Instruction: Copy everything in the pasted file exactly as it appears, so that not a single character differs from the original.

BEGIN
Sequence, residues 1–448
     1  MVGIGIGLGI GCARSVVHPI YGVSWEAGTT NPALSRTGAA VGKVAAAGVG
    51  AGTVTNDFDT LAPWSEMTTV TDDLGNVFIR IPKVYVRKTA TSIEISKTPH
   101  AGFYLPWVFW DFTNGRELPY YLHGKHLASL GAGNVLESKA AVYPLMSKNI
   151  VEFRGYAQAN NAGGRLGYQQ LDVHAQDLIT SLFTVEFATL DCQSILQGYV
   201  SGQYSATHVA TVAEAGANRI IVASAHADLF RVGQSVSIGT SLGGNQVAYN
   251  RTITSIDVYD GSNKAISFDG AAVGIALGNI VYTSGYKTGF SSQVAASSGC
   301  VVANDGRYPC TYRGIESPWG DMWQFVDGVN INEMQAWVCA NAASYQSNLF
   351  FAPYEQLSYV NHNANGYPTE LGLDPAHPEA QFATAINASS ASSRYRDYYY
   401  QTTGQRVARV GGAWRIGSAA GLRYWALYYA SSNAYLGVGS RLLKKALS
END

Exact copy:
Sequence, residues 1–448
     1  MVGIGIGLGI GCARSVVHPI YGVSWEAGTT NPALSRTGAA VGKVAAAGVG
    51  AGTVTNDFDT LAPWSEMTTV TDDLGNVFIR IPKVYVRKTA TSIEISKTPH
   101  AGFYLPWVFW DFTNGRELPY YLHGKHLASL GAGNVLESKA AVYPLMSKNI
   151  VEFRGYAQAN NAGGRLGYQQ LDVHAQDLIT SLFTVEFATL DCQSILQGYV
   201  SGQYSATHVA TVAEAGANRI IVASAHADLF RVGQSVSIGT SLGGNQVAYN
   251  RTITSIDVYD GSNKAISFDG AAVGIALGNI VYTSGYKTGF SSQVAASSGC
   301  VVANDGRYPC TYRGIESPWG DMWQFVDGVN INEMQAWVCA NAASYQSNLF
   351  FAPYEQLSYV NHNANGYPTE LGLDPAHPEA QFATAINASS ASSRYRDYYY
   401  QTTGQRVARV GGAWRIGSAA GLRYWALYYA SSNAYLGVGS RLLKKALS